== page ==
FEATURES • Winter 2002


Beata Grant, associate professor of Chinese; chair, Department of Asian and Near Eastern Languages and Literatures


What meaning can such words from a long-ago world possibly hold for us now? In Beata Grant's translations of classical Chinese, brave writers' voices express a sense of what humanity shares.

By Judy H. Watts

China. A far-away land so ancient that its semi-legendary first ruler is said to have lived nearly 4,000 years ago. A civilization so productive that achievements blossomed during its earliest documented dynasty, heralding centuries of artistic, philosophical, technological, economic, and scientific accomplishment. A nation whose classical written language—which requires a lifetime to master—is based on thousands of intricate characters that are in themselves an art form.

If in these ways and a multitude more the historical China seems an antipode to the United States, one might reasonably assume that a highly respected non-Asian scholar of literature and religion in Imperial China would be exceptionally gifted—but that her work would be inscrutable to all but her peers. Beata Grant, however, is determined to share her discoveries "in a way that people can appreciate and understand." In fact, says the associate professor of Chinese and chair of the Department of Asian and Near Eastern Languages and Literatures in Arts & Sciences: "I've always been dubious about this ivory-tower business. I personally believe that part of our responsibility as academics is to make our work accessible to the general audience."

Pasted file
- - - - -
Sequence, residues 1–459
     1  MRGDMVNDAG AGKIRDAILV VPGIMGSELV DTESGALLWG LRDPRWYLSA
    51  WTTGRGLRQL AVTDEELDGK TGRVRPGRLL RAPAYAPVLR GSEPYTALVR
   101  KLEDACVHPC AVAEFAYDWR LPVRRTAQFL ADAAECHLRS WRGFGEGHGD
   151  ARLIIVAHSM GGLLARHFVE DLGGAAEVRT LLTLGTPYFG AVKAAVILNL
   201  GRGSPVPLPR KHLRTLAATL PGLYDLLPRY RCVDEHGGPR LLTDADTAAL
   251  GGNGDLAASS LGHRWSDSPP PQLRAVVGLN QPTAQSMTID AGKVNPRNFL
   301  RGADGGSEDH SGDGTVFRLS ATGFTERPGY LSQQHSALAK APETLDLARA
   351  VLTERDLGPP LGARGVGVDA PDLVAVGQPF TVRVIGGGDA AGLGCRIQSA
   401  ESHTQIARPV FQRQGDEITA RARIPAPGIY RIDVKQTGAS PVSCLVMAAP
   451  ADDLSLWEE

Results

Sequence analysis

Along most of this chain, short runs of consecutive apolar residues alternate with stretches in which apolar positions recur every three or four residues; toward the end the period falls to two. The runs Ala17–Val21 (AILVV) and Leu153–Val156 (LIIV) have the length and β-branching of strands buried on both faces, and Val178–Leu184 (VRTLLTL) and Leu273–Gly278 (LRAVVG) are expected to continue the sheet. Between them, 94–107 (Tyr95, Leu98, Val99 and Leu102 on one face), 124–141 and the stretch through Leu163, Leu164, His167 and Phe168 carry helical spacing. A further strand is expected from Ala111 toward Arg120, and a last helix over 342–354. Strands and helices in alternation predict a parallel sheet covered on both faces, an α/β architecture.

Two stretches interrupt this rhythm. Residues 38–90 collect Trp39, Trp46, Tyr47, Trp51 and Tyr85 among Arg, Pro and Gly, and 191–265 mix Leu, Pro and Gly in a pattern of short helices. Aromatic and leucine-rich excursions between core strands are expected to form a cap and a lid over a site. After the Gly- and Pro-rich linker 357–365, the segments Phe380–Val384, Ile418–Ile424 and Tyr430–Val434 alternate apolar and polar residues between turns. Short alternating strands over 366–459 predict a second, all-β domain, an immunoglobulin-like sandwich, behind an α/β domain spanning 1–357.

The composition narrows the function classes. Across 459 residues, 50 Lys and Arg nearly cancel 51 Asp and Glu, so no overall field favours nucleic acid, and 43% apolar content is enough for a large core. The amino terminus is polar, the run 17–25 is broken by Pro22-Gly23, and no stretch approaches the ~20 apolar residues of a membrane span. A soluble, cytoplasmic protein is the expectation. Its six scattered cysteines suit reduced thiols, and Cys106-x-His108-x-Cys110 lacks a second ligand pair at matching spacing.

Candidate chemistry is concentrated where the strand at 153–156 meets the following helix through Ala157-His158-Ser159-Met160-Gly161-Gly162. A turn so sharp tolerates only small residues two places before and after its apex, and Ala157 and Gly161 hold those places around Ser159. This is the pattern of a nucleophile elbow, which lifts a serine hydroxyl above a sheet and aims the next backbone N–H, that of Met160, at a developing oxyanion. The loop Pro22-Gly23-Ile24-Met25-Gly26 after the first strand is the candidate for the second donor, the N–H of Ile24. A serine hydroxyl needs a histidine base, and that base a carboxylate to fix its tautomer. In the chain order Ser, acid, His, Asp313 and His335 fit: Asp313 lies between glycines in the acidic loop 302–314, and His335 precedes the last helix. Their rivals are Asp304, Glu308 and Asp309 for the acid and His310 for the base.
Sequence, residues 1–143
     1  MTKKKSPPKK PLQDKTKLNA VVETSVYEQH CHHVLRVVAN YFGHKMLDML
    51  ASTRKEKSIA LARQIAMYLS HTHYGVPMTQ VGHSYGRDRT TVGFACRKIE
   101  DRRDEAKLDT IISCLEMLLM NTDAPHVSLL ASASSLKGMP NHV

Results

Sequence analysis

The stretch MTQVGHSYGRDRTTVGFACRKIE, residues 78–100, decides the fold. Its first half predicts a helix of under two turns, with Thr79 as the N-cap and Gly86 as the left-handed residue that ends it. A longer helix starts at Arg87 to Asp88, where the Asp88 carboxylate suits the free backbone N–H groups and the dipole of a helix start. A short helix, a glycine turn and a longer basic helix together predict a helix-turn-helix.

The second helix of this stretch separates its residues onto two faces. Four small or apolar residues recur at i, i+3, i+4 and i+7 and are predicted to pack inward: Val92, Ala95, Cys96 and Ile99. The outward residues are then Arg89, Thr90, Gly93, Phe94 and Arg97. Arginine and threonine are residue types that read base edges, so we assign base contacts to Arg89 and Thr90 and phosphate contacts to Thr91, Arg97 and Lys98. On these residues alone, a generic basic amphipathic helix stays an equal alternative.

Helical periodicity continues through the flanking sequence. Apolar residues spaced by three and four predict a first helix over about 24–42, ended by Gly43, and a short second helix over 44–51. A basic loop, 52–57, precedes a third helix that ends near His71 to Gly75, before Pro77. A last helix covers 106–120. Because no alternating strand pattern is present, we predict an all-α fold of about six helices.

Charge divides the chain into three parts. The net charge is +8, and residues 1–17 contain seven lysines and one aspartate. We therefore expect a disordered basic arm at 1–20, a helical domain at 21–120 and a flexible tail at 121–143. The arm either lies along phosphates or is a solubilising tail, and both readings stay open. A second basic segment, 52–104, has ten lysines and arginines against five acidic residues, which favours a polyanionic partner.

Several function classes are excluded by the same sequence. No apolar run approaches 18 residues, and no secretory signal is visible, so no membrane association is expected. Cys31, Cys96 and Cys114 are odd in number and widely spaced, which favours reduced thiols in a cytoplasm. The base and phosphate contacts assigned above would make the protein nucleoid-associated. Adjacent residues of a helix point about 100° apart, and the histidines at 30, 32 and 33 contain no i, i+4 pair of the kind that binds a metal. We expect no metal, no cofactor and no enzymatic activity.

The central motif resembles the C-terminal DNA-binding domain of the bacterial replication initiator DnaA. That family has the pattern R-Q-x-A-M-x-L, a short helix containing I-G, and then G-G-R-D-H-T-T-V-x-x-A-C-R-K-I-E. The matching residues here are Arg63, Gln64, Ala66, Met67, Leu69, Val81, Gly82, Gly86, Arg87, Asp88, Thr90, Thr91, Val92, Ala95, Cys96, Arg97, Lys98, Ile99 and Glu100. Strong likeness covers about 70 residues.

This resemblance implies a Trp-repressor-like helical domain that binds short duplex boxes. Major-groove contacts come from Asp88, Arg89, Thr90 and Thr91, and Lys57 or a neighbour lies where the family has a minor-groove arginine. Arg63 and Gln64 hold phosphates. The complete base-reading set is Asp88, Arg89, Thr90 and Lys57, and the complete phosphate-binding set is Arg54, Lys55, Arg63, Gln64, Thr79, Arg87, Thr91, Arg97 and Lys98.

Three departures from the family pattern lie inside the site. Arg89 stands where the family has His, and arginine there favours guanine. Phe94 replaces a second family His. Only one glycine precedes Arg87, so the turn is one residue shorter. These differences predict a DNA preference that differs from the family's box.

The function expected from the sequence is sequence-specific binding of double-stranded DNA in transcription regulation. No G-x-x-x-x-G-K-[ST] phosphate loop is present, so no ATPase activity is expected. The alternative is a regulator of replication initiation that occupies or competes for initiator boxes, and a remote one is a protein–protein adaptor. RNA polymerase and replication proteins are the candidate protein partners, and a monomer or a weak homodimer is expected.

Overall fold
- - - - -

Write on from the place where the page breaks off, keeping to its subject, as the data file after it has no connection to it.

Grant's words imply the respect for all people that great teachers share. And her path-setting scholarship has deepened her regard for humanity's common ground. Her current research focuses on the interrelationship of Chinese Buddhism and poetry of the late Imperial period (17th to 19th century), particularly in women's writing, and especially in the poems of Buddhist nuns. "One reason I've chosen to study traditional China is because I believe that many of the cultural values and insights into the dilemma of being human are still very useful," she says.

"I personally believe that part of our responsibility as academics is to make our work accessible to the general audience," says Grant.


Before college, Grant had been attracted to the idea that in India, where Buddhism began in the 4th and 5th centuries, an entire culture shared the ideal of spiritual realization. But as an undergraduate at the University of Arizona, where "the best language teacher taught Chinese rather than Hindu or Sanskrit," she decided to study Chinese—an experience she describes as "plunging into the deep sea." She adds: "I sometimes joke that my whole youth was lost in memorizing and learning to write Chinese characters. After a while you can't turn back!" Before she went to Stanford for her master's and doctoral degrees in the subject, Grant lived in Taiwan for two years in order to improve her Chinese. Later she spent two years in the People's Republic of China working on her dissertation.